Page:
3. Get out every day, even if it’s just a walk through your back yard. Visit your local library, and yes, the local unemployment office. Being unemployed doesn’t mean you need to be in seclusion, facing the uphill battle all on your own.
Don’t overlook transition assistant programs for those who’ve left the military, the resources provided from local employment centers, and the benefits that result from *just talking with people.*
Here’s another “insider tip” that few use: visit your Chambers of Commerce. You’d be amazed how wonderful the people are who man these offices [I've served on countless executive boards and committees over the years] … and wow, what a terrific resource they can be. These people are so helpful, and I *guarantee* you won’t leave your Chamber’s office unsatisfied. For example, they can provide details on upcoming business networking events (great for meeting professionals in your area), provide you with a membership directory (packed full of local companies, addresses, and sometimes, contact names), and on occasion can provide job leads.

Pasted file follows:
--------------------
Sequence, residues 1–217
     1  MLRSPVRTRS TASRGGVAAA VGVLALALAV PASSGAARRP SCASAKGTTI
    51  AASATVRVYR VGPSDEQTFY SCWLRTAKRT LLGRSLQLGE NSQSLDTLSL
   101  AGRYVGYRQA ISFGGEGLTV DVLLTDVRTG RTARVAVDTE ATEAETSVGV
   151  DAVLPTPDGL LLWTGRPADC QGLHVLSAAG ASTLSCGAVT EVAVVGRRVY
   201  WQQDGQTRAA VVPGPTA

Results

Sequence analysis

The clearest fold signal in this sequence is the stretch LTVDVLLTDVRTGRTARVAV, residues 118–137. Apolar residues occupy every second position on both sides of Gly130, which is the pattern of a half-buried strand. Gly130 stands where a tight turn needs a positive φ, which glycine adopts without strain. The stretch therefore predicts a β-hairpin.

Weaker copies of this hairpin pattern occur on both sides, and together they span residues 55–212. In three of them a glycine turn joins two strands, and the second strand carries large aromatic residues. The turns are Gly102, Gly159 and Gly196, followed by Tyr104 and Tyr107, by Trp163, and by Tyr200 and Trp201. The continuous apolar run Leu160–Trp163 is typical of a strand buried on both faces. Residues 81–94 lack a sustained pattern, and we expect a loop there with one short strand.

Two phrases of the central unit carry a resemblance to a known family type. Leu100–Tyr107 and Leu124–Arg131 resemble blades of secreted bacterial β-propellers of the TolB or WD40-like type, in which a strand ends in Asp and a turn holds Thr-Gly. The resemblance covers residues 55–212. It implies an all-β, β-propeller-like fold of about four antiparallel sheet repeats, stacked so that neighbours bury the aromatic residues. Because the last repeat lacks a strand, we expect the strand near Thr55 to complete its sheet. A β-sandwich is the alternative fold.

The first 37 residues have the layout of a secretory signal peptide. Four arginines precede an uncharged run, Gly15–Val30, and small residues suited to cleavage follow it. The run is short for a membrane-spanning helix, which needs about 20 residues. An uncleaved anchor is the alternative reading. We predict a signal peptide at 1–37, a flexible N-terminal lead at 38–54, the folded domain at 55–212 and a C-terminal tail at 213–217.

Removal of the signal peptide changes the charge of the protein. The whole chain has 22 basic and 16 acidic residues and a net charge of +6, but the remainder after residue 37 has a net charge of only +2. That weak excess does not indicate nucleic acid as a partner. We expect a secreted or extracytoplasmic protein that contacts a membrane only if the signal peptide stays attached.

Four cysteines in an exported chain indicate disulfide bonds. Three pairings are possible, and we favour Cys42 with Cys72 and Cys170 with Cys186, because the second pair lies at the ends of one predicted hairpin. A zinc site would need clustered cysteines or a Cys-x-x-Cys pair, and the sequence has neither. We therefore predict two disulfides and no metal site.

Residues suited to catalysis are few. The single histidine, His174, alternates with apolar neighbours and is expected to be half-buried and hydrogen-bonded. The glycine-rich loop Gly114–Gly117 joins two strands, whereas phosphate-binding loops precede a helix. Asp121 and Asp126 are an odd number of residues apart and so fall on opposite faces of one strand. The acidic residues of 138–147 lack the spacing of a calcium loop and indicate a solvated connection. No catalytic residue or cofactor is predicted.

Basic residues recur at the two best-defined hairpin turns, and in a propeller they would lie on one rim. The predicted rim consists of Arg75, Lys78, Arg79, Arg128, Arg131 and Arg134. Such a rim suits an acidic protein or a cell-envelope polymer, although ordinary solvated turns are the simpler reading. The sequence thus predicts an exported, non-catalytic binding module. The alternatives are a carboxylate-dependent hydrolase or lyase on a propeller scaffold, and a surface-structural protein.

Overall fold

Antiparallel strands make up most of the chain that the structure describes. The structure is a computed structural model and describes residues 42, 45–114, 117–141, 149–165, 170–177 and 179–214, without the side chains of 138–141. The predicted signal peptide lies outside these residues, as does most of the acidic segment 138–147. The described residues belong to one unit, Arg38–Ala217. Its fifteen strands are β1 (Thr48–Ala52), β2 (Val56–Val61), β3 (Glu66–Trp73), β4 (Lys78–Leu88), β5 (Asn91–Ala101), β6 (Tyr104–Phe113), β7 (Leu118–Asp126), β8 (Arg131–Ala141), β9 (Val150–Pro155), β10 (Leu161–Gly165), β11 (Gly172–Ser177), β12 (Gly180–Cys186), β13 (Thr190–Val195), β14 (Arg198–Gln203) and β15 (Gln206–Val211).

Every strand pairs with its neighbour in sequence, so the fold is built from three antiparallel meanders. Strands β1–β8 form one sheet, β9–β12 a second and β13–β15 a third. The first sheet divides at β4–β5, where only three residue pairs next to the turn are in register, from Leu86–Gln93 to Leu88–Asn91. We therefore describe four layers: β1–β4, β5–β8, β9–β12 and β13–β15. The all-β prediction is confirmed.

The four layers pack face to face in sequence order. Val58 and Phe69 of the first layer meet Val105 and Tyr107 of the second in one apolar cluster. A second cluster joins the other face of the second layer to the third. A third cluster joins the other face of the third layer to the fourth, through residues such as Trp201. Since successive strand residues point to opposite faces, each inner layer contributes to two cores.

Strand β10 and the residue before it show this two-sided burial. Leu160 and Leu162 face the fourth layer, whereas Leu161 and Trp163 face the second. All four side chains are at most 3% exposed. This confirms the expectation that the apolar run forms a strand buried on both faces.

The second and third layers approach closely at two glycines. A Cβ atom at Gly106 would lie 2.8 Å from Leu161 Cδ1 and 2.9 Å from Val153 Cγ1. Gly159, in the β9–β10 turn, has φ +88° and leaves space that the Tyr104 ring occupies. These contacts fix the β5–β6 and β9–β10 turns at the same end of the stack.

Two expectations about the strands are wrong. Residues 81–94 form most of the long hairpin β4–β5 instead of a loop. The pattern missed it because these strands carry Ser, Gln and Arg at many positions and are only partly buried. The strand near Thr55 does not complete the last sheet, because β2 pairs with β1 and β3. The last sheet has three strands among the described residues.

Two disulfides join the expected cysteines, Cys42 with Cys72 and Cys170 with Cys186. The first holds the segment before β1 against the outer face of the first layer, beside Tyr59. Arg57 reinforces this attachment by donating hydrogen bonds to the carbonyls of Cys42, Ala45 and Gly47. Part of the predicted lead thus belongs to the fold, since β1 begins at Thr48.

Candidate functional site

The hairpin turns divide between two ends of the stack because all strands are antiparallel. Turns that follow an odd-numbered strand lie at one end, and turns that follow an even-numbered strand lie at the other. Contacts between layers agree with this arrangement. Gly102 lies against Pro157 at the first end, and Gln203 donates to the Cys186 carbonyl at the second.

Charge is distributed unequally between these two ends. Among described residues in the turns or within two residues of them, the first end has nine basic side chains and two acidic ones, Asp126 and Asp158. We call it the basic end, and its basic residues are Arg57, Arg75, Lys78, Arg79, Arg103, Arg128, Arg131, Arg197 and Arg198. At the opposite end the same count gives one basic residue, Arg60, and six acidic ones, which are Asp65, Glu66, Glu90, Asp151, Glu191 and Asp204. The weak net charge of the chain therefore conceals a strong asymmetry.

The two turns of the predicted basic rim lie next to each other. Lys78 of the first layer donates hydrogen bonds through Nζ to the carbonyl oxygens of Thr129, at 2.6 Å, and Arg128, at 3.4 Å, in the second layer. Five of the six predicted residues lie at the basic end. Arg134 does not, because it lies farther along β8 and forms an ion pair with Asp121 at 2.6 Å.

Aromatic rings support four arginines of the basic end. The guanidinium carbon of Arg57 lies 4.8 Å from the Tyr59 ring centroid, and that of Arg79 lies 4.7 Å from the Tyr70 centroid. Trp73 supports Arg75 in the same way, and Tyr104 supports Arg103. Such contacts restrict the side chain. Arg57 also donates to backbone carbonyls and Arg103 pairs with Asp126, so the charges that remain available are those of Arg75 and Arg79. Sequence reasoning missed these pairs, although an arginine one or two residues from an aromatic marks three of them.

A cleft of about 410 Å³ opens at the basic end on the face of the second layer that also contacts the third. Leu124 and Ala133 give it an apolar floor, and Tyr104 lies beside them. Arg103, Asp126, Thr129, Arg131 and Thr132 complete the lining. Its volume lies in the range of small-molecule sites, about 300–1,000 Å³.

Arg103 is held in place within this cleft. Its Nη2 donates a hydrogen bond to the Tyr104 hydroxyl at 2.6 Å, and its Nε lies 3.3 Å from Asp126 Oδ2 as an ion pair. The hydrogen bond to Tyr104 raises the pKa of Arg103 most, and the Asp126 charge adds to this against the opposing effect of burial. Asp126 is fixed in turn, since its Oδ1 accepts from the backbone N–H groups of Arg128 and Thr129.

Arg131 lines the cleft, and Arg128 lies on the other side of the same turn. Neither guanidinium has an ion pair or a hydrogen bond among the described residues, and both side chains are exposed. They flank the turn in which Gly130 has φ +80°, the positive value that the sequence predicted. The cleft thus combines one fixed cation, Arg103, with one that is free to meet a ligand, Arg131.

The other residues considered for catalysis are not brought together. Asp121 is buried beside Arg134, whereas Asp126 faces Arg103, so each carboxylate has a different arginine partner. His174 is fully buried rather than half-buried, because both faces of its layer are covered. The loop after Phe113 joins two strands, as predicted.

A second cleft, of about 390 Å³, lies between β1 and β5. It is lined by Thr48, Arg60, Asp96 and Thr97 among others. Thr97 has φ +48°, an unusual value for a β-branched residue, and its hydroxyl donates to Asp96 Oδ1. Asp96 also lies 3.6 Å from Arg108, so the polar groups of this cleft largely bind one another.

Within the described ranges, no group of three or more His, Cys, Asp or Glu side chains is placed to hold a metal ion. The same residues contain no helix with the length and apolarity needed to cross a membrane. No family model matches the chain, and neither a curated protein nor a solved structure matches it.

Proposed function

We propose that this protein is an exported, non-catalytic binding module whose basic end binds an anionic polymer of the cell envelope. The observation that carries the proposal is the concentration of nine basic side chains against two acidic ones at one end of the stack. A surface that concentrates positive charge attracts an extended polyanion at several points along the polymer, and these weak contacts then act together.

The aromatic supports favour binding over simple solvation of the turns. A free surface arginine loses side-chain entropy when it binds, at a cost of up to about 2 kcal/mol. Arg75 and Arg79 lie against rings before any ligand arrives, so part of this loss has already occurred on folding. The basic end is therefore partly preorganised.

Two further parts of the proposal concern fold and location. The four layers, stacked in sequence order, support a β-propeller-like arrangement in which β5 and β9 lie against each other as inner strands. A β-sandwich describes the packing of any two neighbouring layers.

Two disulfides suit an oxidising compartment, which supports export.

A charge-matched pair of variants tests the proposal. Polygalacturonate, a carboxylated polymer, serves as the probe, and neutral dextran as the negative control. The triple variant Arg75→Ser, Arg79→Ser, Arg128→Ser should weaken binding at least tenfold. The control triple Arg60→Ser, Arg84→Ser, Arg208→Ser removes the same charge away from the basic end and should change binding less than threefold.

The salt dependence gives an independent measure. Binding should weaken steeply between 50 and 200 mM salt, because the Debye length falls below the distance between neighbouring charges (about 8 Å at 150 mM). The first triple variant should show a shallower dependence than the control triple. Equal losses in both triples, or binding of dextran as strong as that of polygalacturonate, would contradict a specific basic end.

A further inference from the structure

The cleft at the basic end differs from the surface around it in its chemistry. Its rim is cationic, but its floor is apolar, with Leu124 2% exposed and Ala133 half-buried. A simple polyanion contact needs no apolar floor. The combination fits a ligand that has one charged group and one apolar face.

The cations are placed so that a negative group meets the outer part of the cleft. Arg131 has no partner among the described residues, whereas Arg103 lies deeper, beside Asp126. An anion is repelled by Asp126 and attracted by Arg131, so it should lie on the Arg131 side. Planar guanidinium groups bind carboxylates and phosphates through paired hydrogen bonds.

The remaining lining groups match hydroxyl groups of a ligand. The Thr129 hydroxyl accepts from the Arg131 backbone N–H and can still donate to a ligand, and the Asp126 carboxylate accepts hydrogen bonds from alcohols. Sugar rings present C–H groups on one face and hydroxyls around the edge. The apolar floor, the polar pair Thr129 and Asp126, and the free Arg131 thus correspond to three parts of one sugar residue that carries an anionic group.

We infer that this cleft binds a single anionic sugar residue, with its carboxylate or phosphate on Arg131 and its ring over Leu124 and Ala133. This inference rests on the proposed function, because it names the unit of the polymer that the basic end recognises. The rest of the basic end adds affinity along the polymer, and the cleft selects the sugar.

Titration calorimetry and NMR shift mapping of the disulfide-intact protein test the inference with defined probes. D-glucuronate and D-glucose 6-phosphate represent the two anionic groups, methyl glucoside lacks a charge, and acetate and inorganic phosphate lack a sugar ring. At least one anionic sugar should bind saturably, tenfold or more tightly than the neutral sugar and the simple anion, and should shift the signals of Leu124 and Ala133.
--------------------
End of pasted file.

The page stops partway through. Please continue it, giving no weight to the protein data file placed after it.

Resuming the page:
Need additional ideas for getting out every day?
■ Meet your significant other for lunch; brainstorm on job-search strategies and ideas worth pursuing. In fact, ask for more than just advice … ask for hands-on help. An extra pair of eyes and hands can go a long way.
■ Go yard sale-ing – crazy! I know. =] It’s fun though … and fun is a great de-stresser. Ah, but mention you’re searching for a job as you casually peruse each sale’s offerings. You’ll be amazed how many job leads you’ll uncover using this unorthodox method.
■ Join area business groups that have “power lunch sessions” – many of the ABWA groups have daily power lunch meetings for professionals wanting that daily “kick in the pants” of motivation.
4. Grab a drink and curl up with a good book. Never overlook the calming effect of just sitting still and taking time for yourself. If you feel guilty stepping away from your job-search, opt for a self-help book to brush up your time management skills, or whatever skill you wish to improve upon, or go with something like the following:
What Color is Your Parachute, written by Richard Nelson Bolles [a great read]
Who Moved My Cheese, written by Spencer Johnson [funny stuff]
You may be jobless, but you are never, never useless or worthless. And don’t you forget it!
Teena Rose is a crafty 10-year career writer — not your run-of-the-mill resume specialist. She’s noted as a resume 2.0 strategist, understanding that today’s job-search is increasingly dominated by the next generation of job-search tools. You can find her on Twitter, on LinkedIn and on her website.
Click here to read part 1 of this article